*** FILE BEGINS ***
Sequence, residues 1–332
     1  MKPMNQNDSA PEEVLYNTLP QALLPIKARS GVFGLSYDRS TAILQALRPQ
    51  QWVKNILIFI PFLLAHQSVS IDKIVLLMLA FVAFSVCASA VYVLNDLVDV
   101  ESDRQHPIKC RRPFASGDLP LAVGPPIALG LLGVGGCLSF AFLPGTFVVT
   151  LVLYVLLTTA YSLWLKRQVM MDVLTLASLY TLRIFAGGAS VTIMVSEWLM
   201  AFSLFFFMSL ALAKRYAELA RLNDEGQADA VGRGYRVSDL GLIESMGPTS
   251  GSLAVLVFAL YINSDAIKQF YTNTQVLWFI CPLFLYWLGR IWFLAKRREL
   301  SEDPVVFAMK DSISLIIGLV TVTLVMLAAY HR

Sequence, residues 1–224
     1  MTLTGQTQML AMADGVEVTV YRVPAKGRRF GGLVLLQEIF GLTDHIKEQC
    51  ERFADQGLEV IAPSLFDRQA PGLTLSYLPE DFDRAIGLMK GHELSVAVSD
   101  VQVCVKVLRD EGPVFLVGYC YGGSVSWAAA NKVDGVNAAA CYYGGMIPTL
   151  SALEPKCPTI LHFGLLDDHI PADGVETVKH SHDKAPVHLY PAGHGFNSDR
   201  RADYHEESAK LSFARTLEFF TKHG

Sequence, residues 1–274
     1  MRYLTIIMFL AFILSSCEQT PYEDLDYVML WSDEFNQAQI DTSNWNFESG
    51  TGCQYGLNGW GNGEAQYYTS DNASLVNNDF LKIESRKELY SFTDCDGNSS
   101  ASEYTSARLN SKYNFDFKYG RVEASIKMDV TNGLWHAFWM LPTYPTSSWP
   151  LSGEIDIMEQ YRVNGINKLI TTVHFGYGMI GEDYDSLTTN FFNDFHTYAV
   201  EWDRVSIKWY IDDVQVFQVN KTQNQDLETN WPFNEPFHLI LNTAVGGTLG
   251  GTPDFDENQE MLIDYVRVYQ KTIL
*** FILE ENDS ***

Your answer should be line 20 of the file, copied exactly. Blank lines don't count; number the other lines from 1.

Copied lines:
   201  EWDRVSIKWY IDDVQVFQVN KTQNQDLETN WPFNEPFHLI LNTAVGGTLG